His backing band at the Fillmore was one of the best of his career. Sax player Steve Grossman, bassist Dave Holland, drummer Jack DeJohnette, percussionist/vocalist Airto Moreira, pianist Chick Correa, and organist Keith Jarrett were some of the best jazz musicians available and formed a tight and talented unit. Jarrett and Correa would carry and change the melody while Dejohnette and Holland provided a foundation.  This allowed Davis and Grossman to weave in their sounds. They would constantly change direction and add new textures to the performances.

Back in the days of vinyl, a two disc set was released. It consisted of four medleys of material, one to each side. Remarkably the rest of the music sat in the vaults until now.

Miles At The Fillmore – Miles Davis 1970: The Bootleg Series Volume 3 is a four CD box set that contains all four complete concerts. It all adds up to over 100 minutes of unreleased music. Also included as bonus tracks are three performances from their April 11, 1970, concert at The Fillmore West, which means another 35 minutes of unreleased material. The band is the same except Keith Jarrett was not present. The three songs, “Paraphernalia,” “Footprints,” and a thunderous rendition of “Miles Runs The Voodoo Down” all clock in at over ten minutes and were not performed at any of the Fillmore East concerts.

The sound has been remastered from the original tapes. Both Fillmore’s had excellent recording equipment for the day and modern technology has created a pristine sound. Each musician is distinct, which increases the listening experience. A 32-page booklet not only gives a history of the concerts but provides a context for the music in so far as the era and Davis’ career are concerned. They also made the wise decision to place each night of music on its own disc. This enhances each individual concert experience.

Songs such as “Directions,” “The Mask,” “It’s About Time,” and “Bitches Brew” appear on all four discs. It is interesting to compare the performances and note not only the obvious but subtle changes as well.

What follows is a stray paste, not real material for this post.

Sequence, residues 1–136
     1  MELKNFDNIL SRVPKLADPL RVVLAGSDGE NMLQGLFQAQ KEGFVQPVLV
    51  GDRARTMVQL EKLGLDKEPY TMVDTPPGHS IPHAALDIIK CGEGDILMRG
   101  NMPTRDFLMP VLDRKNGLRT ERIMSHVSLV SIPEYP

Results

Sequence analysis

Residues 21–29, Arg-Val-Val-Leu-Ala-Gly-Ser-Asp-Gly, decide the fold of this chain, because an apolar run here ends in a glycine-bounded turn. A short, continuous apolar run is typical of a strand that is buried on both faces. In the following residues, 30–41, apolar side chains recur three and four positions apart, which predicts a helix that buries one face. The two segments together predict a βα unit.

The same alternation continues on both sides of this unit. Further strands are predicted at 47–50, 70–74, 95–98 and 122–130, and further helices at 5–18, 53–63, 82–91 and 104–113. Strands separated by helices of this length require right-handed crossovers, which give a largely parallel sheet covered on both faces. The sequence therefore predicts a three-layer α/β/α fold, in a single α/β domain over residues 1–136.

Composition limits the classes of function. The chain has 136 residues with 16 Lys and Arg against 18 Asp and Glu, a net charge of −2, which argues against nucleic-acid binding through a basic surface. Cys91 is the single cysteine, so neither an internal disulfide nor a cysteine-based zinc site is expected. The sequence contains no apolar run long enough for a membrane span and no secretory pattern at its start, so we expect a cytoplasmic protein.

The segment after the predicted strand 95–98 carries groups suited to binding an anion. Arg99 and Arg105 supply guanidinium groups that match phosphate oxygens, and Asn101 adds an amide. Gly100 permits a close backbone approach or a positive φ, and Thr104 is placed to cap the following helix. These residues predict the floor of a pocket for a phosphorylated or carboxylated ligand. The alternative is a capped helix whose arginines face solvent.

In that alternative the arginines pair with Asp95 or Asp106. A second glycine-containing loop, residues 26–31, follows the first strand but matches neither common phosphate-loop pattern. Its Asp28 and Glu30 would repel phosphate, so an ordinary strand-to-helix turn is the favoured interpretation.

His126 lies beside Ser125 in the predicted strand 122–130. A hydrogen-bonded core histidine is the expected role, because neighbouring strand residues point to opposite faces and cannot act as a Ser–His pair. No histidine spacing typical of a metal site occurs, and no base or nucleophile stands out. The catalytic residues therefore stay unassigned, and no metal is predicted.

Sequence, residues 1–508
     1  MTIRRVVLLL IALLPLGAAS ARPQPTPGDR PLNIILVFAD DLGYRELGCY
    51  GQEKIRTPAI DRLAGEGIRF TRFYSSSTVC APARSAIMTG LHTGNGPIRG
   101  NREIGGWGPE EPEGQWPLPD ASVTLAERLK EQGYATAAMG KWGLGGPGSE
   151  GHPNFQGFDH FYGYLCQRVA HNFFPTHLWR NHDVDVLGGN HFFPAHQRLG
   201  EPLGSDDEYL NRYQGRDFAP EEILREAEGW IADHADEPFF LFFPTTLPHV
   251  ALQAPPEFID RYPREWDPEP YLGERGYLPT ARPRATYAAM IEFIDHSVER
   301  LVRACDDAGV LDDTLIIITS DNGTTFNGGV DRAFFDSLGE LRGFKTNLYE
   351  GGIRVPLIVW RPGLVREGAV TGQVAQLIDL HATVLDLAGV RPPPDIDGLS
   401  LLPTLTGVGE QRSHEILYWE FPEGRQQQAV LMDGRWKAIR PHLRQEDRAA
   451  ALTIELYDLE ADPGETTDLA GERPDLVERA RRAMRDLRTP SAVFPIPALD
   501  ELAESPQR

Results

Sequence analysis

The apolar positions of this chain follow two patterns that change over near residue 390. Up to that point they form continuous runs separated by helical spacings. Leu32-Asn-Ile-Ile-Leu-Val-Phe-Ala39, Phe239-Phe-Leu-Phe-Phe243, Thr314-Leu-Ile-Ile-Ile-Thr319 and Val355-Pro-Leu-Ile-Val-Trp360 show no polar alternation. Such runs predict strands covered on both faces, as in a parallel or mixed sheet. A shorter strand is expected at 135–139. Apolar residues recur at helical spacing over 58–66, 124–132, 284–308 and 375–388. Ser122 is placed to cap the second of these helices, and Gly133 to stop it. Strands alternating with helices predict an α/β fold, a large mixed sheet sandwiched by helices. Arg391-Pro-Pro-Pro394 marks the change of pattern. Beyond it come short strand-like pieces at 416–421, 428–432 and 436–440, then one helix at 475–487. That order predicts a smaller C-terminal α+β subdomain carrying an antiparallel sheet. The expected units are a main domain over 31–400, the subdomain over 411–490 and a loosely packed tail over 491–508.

The second performance of June 18 contains a surprise. Davis rarely performed an encore but here they played a ten minute “Spanish Key” from Bitches Brew. It was the only time the song was performed during his four night stay.

Miles At The Fillmore – Miles Davis 1970: The Bootleg Series Volume 3 finally resurrects one of the historic series of concerts in American music history. While they are emblematic of a certain period in the career of Miles Davis, they hold up well 44 years later. A must listen for any fan of Davis or jazz music.


Dizzy’s Big 4 by Dizzy Gillespie, Joe Pass, Ray Brown, Mickey Roker

November 27, 2013

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Legendary jazz producer and label owner Norman Granz formed Pablo Records during the early 1970s, just about a decade after he sold his Verve Label. One of the artists he quickly signed was trumpet player Dizzy Gillespie. They had collaborated on a number of projects in the past. Granz like to pair him with different musicians and record the results. He continued that approach by bringing Gillespie, bassist Ray Brown, guitarist Joe Pass, and drummer Mickey Roker into a Los Angeles record studio, September 17 and 19, 1974. The results were released as Dizzy’s Big 4, which has now been reissued with two bonus tracks as a part of the Concord Music Group’s Original Jazz Classics Remasters Series.

Guitarist Joe Pass appeared on a number of Pablo releases and his work was usually the glue that bonded the various musicians together and so it is here, especially since there is no keyboardist to fill in and carry the sound.

Three of the seven original tracks are Gillespie compositions. “Frelimo” begins the album on a light-hearted note as each musician establishes his territory in this eight minute offering. “Be Bop” is one of Gillespie’s best known compositions, which is highlighted by its complicated structures. He just carries the song along with solo bursts of his trumpet. “Birks’ Works” is a nearly nine minute stroll that allows each musician to solo.

Other highlights are “Hurry Home,” which is a show case for bassist Brown and “Russian Lullaby,” with a number of tempo changes and a sweet Pass solo on the original and the added bonus alternate take.

Dizzy’s Big 4 remains one of Gillespie’s better small group works. It brought together four different but talented musicians who all enjoyed long careers. They managed to produce an excellent piece of work that still sounds fresh four decades later.